The prime minister's, and his government's, responses to veterans will echo well after the upcoming election campaign.
In December 2017, then-veterans affairs minister Seamus O'Regan announced the government's plans for a lifelong pension for Armed Forces veterans. But those moves ring hollow when Ottawa has racked up a pretty taxpayer legal bill using crafty legal manoeuvres against veterans like Sean Bruyea, writes Perry Gray. The Hill Times photograph by Andrew Meade
It was a Liberal campaign promise that has been broken repeatedly: to not fight veterans in court. Yet that is exactly what the Trudeau government has done.
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The Federal Response to the Opioid Crisis This e-book summarizes the work on the opioid crisis that is going on at the federal level: what the House of Commons and the Senate have been listening to and acting on to help stop and mitigate this tragedy.
One thing is clear, marketing experts say Andrew Scheer will have to be more animated when he debates against Justin Trudeau, especially with his former leadership rival, Maxime Bernier, now in the mix.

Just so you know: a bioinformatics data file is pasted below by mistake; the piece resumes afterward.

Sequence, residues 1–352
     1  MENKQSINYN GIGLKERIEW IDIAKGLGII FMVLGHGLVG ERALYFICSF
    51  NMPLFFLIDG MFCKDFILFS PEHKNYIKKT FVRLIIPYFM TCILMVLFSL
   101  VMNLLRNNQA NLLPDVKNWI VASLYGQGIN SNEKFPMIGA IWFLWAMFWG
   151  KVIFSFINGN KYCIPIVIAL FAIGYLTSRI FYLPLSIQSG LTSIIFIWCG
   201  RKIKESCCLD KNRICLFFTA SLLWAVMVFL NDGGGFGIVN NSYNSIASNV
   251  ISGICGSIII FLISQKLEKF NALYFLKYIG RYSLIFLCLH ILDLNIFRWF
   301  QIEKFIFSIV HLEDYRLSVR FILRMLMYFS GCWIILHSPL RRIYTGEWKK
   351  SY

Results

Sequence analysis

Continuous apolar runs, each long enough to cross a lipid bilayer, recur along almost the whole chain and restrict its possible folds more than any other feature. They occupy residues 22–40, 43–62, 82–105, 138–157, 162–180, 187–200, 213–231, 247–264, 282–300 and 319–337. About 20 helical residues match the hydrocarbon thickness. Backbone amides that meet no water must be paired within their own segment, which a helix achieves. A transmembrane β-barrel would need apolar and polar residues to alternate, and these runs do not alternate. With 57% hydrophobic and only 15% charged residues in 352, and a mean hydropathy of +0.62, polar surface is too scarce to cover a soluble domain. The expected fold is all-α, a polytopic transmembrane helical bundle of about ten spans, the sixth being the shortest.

Conservative Sen. Denise Batters says it was necessary to discuss matters in private to protect the confidentiality of victims, while Independents say it would have been possible to strike a balance and be transparent.
A culmination of three years of work, the book takes stock of challenges facing Canadian democracy, including the decline of Cabinet government, centralization of the PMO, and 'fault lines' in the public service.
Liberal MP Larry Bagnell says he thinks the timing wasn't due to the federal government's framework on the Arctic and Canada's North being rushed, but rather waiting on territorial partners co-developing the package.